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People v. Perry

APRIL 18, 1974.




APPEAL from the Circuit Court of Cook County; the Hon. ARTHUR L. DUNNE, Judge, presiding.


Defendant was convicted, after a jury trial, on two counts of aggravated battery upon Judith Dingillo; first, a battery causing great bodily harm; and second, a battery with a deadly weapon (Ill. Rev. Stat. 1969, ch. 38, par. 12-4). The court denied probation and sentenced defendant to a term of 18 months to 5 years. On appeal, defendant contends:

(1) the court erred in failing to instruct the jury as requested by defendant on the lesser included offense of reckless conduct;

(2) the court erred in excluding evidence of defendant's state of mind;

(3) the court erred in allowing testimony of a police officer on rebuttal as to the force required to fire the gun;

(4) the prosecutor's conduct amounted to reversible error;

(5) defendant was not proved guilty beyond a reasonable doubt; and

(6) the trial court erred in denying probation.

On June 24, 1971, the victim, Judith Dingillo, suffered injuries as a result of a gunshot wound inflicted by the defendant. The facts and circumstances surrounding this incident — which are not disputed on appeal — are as follows:

Earlier on the above date, Frank Melecio slapped defendant's younger brother in the presence of several youths. Upon defendant's return from work that evening, he was informed of the incident. He armed himself with a .22-caliber automatic pistol he had purchased from a friend a week or so earlier, then placed the gun in the waistband of his trousers and "went looking" for the person who hit his brother. About 10:30 that evening, defendant and three other youths approached the house where the victim and Frank Melecio were sitting on the porch. When he saw the defendant, Melecio ran to the sidewalk and threw a bottle toward him. The gun held by defendant discharged, hitting the girl in the chest. Defendant fled around the corner and the gun again discharged, inflicting a wound in his right leg. He gave the gun to Michael Koons for safekeeping. Koons and the defendant ran away from the scene.

The facts surrounding the first discharge of the gun are greatly disputed. The victim, testifying for the State, said she did not see the bottle strike anyone. She further testified that she saw a man kneeling or crouching on the corner of Lyndale and Kimball Streets, with a gun in his hand. She identified the defendant as that person. She heard the bottle break a couple of seconds before she was shot in the chest.

Michael Koons, testifying for the State, stated that a group of youths accompanied defendant to Lyndale and Kimball. Four persons, including the defendant and Koons, turned the corner toward a building where Melecio was sitting on the porch. Defendant preceded the other three, and someone said, "I want to talk to you." Then the person came off the porch, picked up a bottle and threw it at the defendant. Koons saw the bottle being thrown and, with the others, turned and ran in the other direction as the bottle broke. He did not see defendant get struck with the bottle. He heard a gunshot. He saw no weapon in defendant's hands on the street or while defendant ran around the corner and caught up to him, running west on Lyndale. Koons then heard another gunshot, and he and the defendant kept going. About a half block later, defendant stopped, took his hand out of his pocket and said, "I just shot myself." Defendant took a gun from his waistband, handed it to Koons and asked him to take it home, which he did. Koons gave the gun to the police the next day. He further testified to a conversation he had with the defendant some 3 months after the shooting, when defendant told him "he took a shot and didn't know who he hit, or what." Defendant never told him the gun went off accidentally. On cross-examination, Koons testified concerning that conversation, saying that defendant never said he intentionally fired at anyone.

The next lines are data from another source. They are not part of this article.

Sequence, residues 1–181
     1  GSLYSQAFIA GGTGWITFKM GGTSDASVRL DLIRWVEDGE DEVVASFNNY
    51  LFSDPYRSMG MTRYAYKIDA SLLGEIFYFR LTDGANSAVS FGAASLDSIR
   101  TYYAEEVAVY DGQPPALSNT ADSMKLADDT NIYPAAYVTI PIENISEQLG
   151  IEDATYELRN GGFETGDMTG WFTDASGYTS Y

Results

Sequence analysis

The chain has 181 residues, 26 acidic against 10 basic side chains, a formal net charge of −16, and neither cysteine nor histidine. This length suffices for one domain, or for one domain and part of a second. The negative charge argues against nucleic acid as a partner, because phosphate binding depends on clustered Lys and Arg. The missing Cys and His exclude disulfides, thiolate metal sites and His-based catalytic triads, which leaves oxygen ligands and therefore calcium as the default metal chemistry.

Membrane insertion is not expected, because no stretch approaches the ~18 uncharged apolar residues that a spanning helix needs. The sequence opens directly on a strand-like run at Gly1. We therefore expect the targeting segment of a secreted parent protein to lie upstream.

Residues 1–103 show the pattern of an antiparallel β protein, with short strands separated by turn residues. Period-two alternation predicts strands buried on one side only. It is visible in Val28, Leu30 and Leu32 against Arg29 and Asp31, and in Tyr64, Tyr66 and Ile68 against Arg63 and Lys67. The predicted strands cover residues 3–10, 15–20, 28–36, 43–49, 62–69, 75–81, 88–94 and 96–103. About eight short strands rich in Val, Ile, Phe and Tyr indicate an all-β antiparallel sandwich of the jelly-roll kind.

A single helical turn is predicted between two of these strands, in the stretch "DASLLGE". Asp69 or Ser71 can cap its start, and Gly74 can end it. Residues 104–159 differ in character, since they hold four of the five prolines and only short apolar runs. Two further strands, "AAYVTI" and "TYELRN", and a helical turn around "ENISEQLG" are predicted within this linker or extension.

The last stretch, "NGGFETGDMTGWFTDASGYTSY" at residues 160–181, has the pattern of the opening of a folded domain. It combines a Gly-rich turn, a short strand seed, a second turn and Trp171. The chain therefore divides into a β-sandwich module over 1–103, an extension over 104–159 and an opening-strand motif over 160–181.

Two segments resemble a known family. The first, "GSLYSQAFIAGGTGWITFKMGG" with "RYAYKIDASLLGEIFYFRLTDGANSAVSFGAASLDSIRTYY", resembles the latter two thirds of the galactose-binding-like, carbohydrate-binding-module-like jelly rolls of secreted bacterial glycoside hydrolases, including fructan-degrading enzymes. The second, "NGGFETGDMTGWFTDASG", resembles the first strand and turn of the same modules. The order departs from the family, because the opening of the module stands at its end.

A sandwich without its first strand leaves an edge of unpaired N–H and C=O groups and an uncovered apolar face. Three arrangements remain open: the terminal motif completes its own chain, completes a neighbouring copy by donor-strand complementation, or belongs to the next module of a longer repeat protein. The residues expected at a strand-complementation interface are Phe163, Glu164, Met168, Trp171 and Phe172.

Defendant testified in his own behalf. When he arrived home from work at about 10:15 P.M., he was told that his brother had been beaten by a man. He went to his garage and took the gun; being left-handed, he placed the gun in the waistband on the right side of his pants. He knew it was loaded, but did not know that there was a shell in the chamber. He did not know if the gun was cocked, and did not cock it. He did not know how to operate the gun and had never fired it before. One of the boys told him that Frank Melecio and Judy were sitting on a porch, and several boys accompanied him to the address. They had not reached the porch when Frank jumped up and threw a bottle at them. Defendant testified that he put up his shoulder to shield himself from the bottle, and as he did, the gun came out of the waistband of his pants and went off. He had the finger of his left hand "by, but not on the trigger." He did not kneel and take aim with the gun in his hand. He started to run because he saw the victim, Judy, and Frank running toward him. He proceeded a short distance when the gun which he had put back in his waistband began to fall. He pulled it up and it went off again. He continued running until he realized he had shot himself. He then gave the gun to Koons and went home.

Harry Thieben testified for the defense that he informed defendant of the incident involving his brother Patrick's being hit by Melecio; that defendant told the witness and the other young men present that he wanted to go find out why Melecio had hit his brother. Four boys accompanied defendant to the vicinity of the victim's home when the witness saw Melecio jump off the porch and throw a bottle. The witness stated that the bottle first struck the defendant, ...

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